Yes, we need museums too, so that the wider public can view and enjoy and learn from artifacts. But does private collecting cause an inability to fill museum cases? I hardly think so. Earlier people did not depart this earth taking everything with them, it’s actually incredible how much stuff they left behind, and it’s likewise incredible how much of it clever enterprising people, both professionals and amateurs (especially with the advent of modern technology), have been able to pull from the ground. It pours out in such enormous quantity as to surely overwhelm the capacity of the world’s museums and researchers to even glance at it, let alone study it or display it. The typical museum’s exhibits are the tip of an iceberg, with cabinets overflowing with more stuff in catacombs below.

We have unearthed so many buried artifacts that we are now buried in them, up to our keesters, and there are more than enough to satisfy any genuine needs of museums and researchers without taking anything away from collecting. Sure, unique items of cultural significance ought to remain in the public domain. I want to be able to go to the Cairo museum someday and meet Ramses II—his mummy, that is—without some collector spiriting it away. But that doesn’t mean every ushabti, similar to the gazillions of other ushabtis we’ve found, belongs in a museum. One of those, displayed with pride in a living room, giving its owner a tangible connection with the past, moving him to ponder upon the pageant of human life and history, provides far more societal value than if it were mouldering in some basement museum drawer along with a thousand others just like it.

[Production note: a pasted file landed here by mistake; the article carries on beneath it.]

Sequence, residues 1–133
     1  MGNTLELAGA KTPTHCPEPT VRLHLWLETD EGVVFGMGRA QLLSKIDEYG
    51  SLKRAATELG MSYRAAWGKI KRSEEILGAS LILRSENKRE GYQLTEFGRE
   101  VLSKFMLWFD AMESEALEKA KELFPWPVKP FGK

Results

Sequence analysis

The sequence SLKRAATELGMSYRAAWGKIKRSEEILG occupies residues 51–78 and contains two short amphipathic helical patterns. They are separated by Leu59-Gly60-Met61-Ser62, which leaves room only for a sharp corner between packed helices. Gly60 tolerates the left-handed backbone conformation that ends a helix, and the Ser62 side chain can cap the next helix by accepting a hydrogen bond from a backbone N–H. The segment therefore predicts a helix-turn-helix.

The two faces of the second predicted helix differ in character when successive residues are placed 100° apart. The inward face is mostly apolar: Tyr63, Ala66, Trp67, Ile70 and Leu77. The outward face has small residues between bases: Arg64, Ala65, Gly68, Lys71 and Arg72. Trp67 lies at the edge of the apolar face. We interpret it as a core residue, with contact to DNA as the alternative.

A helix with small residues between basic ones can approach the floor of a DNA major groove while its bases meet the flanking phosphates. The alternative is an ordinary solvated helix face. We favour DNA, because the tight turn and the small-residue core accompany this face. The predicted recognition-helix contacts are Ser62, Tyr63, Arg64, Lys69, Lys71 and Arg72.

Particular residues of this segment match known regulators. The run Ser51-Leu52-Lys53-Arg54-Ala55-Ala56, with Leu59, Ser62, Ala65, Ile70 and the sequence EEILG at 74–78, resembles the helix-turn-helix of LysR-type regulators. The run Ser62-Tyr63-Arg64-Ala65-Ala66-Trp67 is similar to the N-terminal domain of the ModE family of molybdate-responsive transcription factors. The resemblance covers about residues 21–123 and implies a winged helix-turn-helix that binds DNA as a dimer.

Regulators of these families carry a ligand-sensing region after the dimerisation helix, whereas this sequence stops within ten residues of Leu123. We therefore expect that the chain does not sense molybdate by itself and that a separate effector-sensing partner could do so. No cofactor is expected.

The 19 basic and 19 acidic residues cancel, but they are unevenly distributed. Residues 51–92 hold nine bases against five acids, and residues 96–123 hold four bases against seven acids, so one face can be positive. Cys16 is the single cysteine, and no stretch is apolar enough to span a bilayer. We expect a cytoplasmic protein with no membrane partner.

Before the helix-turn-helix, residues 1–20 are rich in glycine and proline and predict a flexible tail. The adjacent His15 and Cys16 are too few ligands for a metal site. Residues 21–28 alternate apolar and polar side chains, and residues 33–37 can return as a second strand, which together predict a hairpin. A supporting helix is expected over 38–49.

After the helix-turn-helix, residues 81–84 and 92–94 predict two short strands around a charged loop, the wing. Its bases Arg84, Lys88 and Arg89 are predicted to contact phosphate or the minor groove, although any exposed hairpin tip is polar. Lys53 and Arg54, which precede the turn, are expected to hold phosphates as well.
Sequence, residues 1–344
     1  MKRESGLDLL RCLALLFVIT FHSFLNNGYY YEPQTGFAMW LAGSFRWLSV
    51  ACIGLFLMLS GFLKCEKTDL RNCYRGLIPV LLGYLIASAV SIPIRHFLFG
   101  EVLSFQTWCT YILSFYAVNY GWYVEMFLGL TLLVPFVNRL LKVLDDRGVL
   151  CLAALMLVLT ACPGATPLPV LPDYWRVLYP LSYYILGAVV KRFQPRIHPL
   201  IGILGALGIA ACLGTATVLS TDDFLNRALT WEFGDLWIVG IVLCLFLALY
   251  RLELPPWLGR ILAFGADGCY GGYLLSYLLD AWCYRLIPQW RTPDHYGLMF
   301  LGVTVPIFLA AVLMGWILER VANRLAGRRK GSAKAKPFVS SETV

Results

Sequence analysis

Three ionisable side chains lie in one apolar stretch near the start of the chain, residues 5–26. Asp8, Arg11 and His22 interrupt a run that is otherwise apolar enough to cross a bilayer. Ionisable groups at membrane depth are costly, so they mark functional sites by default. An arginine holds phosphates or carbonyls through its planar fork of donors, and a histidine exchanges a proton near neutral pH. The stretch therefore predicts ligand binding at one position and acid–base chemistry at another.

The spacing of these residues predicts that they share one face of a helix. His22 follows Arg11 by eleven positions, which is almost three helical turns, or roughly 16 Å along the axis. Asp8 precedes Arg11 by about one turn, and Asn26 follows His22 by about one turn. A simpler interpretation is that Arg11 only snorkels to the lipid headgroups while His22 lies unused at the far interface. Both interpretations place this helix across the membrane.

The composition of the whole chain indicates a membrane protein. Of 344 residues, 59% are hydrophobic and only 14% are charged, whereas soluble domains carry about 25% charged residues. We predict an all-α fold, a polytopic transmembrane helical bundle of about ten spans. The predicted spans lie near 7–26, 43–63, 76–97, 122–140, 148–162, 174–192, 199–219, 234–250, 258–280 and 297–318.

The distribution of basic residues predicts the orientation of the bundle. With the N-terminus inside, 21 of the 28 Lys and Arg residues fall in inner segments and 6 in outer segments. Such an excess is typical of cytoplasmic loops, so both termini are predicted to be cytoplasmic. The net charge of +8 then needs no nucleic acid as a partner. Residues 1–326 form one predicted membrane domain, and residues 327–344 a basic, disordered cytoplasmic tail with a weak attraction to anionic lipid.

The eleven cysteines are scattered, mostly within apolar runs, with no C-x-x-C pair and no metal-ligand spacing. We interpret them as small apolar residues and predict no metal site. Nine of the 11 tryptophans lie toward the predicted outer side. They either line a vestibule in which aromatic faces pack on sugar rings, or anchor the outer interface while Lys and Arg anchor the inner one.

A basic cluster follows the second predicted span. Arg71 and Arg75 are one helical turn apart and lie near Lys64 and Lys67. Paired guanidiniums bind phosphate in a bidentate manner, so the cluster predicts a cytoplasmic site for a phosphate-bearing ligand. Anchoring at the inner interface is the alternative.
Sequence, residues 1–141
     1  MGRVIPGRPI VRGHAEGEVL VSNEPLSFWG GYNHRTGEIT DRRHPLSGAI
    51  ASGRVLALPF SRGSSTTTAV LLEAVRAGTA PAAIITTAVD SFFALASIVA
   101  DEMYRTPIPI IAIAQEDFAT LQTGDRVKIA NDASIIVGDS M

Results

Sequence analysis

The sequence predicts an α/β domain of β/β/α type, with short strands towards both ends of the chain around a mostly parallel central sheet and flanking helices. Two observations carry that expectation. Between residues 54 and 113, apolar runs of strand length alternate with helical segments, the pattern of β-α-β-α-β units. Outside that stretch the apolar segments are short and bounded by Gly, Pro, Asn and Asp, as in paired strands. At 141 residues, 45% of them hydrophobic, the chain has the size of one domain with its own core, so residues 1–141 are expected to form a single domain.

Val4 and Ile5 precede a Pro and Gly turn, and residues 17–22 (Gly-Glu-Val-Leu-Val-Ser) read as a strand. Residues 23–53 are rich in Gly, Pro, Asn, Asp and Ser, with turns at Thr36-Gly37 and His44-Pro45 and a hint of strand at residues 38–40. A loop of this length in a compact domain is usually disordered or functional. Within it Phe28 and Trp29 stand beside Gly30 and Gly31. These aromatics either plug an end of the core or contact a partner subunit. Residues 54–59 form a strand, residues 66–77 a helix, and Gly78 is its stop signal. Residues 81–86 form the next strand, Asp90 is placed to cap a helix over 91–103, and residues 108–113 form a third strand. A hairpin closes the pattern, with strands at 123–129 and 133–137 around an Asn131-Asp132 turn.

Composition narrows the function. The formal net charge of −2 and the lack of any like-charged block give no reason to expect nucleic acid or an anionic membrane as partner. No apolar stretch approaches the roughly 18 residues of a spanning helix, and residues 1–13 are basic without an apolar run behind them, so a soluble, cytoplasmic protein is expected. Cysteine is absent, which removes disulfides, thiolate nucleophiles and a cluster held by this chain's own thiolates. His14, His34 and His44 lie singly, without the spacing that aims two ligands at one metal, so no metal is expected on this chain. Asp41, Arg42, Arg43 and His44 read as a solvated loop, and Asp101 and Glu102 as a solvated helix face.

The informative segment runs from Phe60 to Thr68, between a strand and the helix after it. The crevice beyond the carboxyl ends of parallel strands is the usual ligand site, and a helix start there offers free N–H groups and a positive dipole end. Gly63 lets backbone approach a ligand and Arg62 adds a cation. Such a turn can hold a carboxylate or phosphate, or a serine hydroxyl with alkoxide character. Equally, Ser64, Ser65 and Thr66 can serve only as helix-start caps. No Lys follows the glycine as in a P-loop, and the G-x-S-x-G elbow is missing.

Ignorance about the past is a very real problem for our society. But it’s the ignorance of individuals. As a society, we are not ignorant. It’s not that we haven’t done enough archaeology or otherwise gathered enough facts about the past. It’s that too many people know nothing about all that. This is where our efforts and resources should be directed—not at excavating yet another thoroughly routine shipwreck, but rather at educating people about the real significance of our human past and how it informs our present.